In a recent report from Suillivan Higdon & Sink FoodThink titled "QSRs and America's Changing Tastes," researchers highlighted quick-service restaurant consumer trends, from more desire in menu variety to the differences between what women and men look for in a quick-service restaurant. Senior FoodThink researcher Erika Chance answered QSR Magazine's questions about the report.
The report talks about cost, quality, and location being the main motivators for dining at a quick-service restaurant. But is it possible that a unique experience could outweigh any of those motivators and if so, which one?
Certainly, a unique experience can outweigh cost and location—at least, some of the time. We all know regional chains that have national cult followings partly because of the concept’s relative scarcity of location. In addition, if the experience is highly unique or highly specialized, some consumers can be persuaded to accept lower quality though, in those cases, frequency can become an issue.
Besides location, quality, and cost, what are some areas in which motivators align across various demographics?
People also are driven by options and variety. Fourty percent of consumers consider menu variety to be extremely or very important to them when choosing a quick service restaurant. This degree of importance holds true for males and females, parents, high-income and low-income adults, and Millennials and Gen X-ers. Boomers and pre-Boomers care somewhat less about menu variety. Millennials, parents, and those who prefer organic food also crave new, innovative flavors and menu items and snack sizes. Looking at the buying power of these groups, it’s clear that the days of a limited, non-customizable menu are gone. Quick-service restaurant customers of today and especially tomorrow are going to be motivated by creativity and customization which allows them to get exactly what they are craving.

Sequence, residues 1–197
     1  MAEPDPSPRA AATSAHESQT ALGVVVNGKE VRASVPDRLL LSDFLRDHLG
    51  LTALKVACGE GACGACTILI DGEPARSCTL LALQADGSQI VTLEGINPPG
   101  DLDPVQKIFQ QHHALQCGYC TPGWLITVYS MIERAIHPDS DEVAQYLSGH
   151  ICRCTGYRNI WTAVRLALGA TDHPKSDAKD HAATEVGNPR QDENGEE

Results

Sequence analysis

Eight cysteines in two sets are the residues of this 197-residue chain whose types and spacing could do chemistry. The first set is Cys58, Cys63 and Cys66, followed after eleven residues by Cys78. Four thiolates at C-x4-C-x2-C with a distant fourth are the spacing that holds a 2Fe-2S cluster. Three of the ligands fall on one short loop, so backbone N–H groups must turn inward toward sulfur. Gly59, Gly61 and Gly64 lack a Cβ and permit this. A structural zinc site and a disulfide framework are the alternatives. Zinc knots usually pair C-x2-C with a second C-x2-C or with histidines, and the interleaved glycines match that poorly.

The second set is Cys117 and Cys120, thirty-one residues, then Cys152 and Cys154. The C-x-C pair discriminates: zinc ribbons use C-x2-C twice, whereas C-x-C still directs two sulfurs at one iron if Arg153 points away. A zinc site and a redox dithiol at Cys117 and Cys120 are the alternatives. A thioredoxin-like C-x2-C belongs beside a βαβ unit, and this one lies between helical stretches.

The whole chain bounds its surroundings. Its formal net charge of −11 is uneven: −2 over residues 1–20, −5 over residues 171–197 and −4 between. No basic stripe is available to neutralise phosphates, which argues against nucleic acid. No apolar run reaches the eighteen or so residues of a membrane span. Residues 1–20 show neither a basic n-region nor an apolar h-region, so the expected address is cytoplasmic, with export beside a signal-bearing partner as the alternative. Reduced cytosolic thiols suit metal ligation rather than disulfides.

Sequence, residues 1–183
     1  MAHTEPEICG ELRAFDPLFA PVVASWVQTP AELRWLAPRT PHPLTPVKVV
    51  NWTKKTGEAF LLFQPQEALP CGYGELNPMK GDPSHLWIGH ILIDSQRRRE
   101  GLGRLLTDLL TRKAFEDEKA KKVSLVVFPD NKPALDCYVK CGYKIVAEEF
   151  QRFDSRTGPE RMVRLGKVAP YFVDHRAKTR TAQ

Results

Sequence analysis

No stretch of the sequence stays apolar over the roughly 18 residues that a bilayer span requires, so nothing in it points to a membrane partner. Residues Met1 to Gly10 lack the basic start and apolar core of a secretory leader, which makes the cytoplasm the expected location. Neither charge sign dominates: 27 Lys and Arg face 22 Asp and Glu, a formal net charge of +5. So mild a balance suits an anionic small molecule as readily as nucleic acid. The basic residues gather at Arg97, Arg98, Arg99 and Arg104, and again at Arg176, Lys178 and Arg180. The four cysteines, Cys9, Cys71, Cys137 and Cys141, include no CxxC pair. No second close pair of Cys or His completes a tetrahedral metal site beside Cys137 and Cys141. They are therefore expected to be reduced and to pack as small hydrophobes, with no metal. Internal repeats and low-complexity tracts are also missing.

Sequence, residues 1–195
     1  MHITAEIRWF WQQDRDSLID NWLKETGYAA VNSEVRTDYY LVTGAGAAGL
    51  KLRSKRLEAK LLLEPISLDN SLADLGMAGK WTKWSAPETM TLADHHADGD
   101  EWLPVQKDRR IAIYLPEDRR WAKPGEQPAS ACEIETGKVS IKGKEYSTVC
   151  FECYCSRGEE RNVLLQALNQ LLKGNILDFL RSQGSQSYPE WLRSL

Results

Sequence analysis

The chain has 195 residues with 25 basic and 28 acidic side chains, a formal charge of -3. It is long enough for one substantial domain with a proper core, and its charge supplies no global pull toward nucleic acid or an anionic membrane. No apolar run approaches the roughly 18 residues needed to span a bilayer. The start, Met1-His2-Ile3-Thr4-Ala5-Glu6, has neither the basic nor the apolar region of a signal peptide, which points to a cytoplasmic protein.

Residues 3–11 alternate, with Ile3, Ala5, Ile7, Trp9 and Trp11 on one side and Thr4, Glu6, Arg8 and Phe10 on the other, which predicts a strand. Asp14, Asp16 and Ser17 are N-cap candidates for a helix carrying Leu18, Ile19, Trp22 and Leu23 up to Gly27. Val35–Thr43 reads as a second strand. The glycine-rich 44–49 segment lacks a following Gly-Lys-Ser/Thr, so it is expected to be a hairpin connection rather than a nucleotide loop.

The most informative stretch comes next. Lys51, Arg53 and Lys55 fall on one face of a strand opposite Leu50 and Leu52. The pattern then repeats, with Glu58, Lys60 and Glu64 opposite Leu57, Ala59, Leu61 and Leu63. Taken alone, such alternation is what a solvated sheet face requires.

What is the balance between slowing down serving speeds and customization? If consumers want quick-service restaurants to fit into their busy lifestyles, will they have to sacrifice customization?
Everything we’ve seen indicates that customers simply don’t expect to sacrifice customization when they want quick service. And there are many concepts that encourage high levels of customization. That can be highly appealing to some customers. And it will continue to grow in importance.
What sets Millenials apart from other demographics in terms of what they look for in a quick-service restaurant?
Millennials’ tastes and needs deserve the attention from today’s quick service restaurants. For example, Millennials will say unique drinks and desserts, innovative menu ideas, and interesting flavors can sway them to one quick-service restaurant over the other—from Taco Bell’s newly launched breakfast menu that targets specifically younger Millennial men to Pizza Hut’s recent flavor profile revamp of its pizzas to include more sophisticated flavor combinations that appeal to Millennials. It’s critical to capture this audience, not only because they’re frequent users, but they’re also likely influencers: heavy quick-service restaurant users, Millennials, are 37 percent more likely than the average consumer to follow a restaurant on social media. Some other notable things that set this consumer segment apart is their desire for good kids menus since many in the older half of the generation are starting families.
By Alex Dixon